Imperial College London

Top tips: from A-level results day to preparing for life at medical school


Top tips: from A-level results day to preparing for life at medical school

Today thousands of pupils across the country receive their A-level results, with over 300 pupils heading to Imperial to study medicine.

We spoke to three first-year medical students at Imperial College School of Medicine (ICSM) – Jack Hall, Josephine Akoro and Eva Tadros – who share their wisdom on dealing with results day and top tips on surviving the first year of medical school.

Jack, Josephine, Eva

How did you feel when you opened your A-level results last year?

Jack: I felt elated, as I knew I had achieved a huge personal goal and made it to Imperial! Getting the offer to study here was an achievement within itself, but getting the results I was looking for really helped solidify the work I put into my academic career in secondary school and set me on course for London.

Josephine: I was at an airport waiting for a flight when I received my A-level results. I hadn’t slept all night because I was so nervous. Once I finally opened my results, I felt so relieved and excited, and couldn’t wait to tell my friends and family.

Eva: It was all such an incredible adrenaline rush, to be perfectly honest. I experienced a whole spectrum of emotions – anxious, excited, worried, thrilled and petrified – all at once! It was a little exhausting waiting for results day for so long and then it’s a little underwhelming after you open them because you’re just like – OK, so what’s next?

Any tips on dealing with disappointment on results day?

Jack: Very rarely in life is every door to a given place closed to us. Coming to ICSM, it has been incredible to hear about the range of different ways each individual made it here, and if one thing is clear to me it is that there is no ONE way to make it. If results don’t go your way, take some time out to reflect on what your priorities are, what options are still open and how hard you’re willing to work for what you want. If the answer to the last question is ‘really really hard’, there is a very healthy chance you will make it to wherever you want to be in life.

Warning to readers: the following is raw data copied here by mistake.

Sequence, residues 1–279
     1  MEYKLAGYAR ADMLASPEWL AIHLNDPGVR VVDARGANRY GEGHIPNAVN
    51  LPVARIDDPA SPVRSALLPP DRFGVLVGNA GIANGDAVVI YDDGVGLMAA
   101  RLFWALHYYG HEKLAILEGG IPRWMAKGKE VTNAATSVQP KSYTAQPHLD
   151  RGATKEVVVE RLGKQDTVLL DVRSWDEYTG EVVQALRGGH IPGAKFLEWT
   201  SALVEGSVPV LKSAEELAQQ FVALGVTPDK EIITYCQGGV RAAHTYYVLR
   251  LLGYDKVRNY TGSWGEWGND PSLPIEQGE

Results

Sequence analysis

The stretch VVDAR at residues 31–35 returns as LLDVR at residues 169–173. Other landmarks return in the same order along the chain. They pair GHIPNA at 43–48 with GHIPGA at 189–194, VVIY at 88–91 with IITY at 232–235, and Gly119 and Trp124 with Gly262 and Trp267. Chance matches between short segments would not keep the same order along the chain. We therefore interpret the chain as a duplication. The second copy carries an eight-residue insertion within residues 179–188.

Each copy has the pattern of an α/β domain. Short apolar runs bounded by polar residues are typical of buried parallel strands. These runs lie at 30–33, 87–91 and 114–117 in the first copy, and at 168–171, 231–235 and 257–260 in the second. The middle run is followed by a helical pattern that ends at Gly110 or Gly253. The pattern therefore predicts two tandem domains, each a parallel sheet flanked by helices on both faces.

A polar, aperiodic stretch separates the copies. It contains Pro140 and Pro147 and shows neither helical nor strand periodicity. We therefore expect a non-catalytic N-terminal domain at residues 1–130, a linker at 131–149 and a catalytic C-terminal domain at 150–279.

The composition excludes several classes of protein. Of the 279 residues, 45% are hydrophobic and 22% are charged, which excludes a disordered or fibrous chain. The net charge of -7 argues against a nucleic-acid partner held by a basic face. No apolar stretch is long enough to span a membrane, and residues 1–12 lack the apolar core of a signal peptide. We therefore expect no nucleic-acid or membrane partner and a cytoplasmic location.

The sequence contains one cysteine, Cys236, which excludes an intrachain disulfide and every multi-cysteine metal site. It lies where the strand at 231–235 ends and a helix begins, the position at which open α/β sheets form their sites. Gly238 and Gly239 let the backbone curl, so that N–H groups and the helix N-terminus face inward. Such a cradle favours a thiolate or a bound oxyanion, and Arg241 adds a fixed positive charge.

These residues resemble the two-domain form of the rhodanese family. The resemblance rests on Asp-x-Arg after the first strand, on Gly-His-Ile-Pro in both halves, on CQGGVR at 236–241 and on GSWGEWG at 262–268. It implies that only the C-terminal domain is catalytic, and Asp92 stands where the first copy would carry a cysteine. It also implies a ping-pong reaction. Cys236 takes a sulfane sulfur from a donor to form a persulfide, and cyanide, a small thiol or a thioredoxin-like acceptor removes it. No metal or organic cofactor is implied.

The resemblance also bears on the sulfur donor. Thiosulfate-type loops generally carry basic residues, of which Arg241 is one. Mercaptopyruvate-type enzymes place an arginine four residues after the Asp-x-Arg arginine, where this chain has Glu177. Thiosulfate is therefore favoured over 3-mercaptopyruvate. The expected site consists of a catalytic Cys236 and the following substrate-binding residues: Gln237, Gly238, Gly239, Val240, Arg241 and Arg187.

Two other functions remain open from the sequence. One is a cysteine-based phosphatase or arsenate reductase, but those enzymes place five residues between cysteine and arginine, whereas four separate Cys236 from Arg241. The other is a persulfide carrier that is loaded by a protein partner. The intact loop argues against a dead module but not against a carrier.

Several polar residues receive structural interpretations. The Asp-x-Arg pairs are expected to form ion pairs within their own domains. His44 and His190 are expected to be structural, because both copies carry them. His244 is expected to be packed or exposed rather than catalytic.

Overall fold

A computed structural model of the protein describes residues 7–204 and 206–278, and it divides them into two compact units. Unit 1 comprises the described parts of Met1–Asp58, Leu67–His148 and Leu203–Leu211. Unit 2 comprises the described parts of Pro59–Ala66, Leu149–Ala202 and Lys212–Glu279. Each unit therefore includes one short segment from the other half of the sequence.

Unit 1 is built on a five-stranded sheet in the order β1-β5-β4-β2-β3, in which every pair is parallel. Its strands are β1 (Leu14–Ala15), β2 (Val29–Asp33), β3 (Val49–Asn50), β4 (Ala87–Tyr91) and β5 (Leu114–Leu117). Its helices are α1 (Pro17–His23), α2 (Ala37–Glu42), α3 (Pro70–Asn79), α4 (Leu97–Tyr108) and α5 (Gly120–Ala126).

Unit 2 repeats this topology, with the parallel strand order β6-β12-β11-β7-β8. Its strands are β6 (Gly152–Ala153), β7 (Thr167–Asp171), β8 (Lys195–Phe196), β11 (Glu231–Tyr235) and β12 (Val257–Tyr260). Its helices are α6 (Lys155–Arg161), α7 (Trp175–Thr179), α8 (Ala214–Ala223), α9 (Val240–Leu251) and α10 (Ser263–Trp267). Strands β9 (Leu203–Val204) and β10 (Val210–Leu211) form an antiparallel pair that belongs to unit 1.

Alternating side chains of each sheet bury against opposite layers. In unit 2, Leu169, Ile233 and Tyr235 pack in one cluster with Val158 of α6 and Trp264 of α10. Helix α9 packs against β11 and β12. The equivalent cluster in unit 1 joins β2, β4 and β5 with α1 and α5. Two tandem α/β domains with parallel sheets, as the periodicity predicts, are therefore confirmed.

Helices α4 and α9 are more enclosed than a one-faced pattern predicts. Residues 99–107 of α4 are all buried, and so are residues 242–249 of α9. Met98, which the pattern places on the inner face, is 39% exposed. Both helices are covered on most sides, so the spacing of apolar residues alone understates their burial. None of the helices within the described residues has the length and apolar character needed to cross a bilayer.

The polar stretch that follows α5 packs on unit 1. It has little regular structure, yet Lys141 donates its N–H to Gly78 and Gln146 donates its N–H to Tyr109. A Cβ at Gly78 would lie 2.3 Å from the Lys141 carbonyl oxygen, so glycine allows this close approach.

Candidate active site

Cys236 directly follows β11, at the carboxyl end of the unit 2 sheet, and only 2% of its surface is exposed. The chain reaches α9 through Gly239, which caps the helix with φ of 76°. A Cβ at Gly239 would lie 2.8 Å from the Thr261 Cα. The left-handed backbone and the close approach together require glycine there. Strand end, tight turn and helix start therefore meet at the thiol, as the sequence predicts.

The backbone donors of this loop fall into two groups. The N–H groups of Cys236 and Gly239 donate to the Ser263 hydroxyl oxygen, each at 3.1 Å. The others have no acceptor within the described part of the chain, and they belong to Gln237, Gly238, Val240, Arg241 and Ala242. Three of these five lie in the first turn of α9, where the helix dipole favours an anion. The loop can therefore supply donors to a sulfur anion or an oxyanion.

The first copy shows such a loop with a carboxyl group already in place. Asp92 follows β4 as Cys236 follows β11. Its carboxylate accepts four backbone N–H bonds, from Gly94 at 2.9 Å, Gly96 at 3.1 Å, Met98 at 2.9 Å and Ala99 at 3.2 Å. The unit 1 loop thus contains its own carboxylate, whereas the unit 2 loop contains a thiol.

Eva: Do not panic – at all! That’s the worst possible thing you can do and it will put you in an awful mindset that ill-equips you in handling what comes next. You have done your best and tried your hardest to ace those exams and get the grades and your effort will pay off. Plus, it’s all done now, so it’s no use stressing over them or getting upset over possibly not achieving the grades. Ensure you have a clear mind that will allow you to make smart decisions following your results.

How have you found the first year of medical school?

Eva: An absolute rollercoaster. I have never cried so much, laughed so hard, learned such a vast amount and met so many people – all within the span of less than a year. It was very daunting at the beginning because though some of the content was similar to A-levels, most of it was completely new, and having such a great amount of information given to you in such a short time span can be quite scary at first. However, once you get used to it, it all becomes very worthwhile.

Jack: Fantastic for so many reasons! I have found the course challenging but really engaging and the hard work I put in has certainly paid off. Furthermore, I really feel as if I’ve established myself here and built a real life for myself at Imperial. Being surrounded and working with so many likeminded people has been an incredible opportunity, and being at an institution like Imperial pushes you to be the best version of yourself.

Josephine: I’ve really enjoyed my first year; I’ve found the content interesting and stimulating. At times I have found it hard to stay on top of everything, however there are many places to turn to for help and support. 

What advice would you give to new medical students joining Imperial this autumn?

Josephine: My advice would be to get involved with as many societies as you can at first. Over time you might find that there are some that you don’t want to continue doing, which is totally fine! Societies are a great way to make friends. My other piece of advice would be to use online flashcard websites such as Brainscape for revision, as they use very effective active learning techniques.

Jack: Don’t hold back! The Imperial world is your oyster this year – try and push yourself (as much as you feel comfortable) into getting involved in university life and meeting people! Also, don’t worry if your Fresher’s experience isn’t the same as everyone else’s – there’s no one right way to do it and we all have to take things at our own pace.

Eva: Get organised! Make sure you compartmentalise all the different things you need to do and that you get a planner to ensure you account for both the academic and social side of things as well as allocating time for revision. Though cram-revising was often my approach to things whilst I was in school, it would actually be incredibly difficult, if not impossible, to pass university exams using that technique. Doing bits and bobs throughout the year is definitely the way forward.

Learn more about Eva's first year at medical school over on the Imperial Medicine Blog


Ellyw Evans

Ellyw Evans
National Heart & Lung Institute

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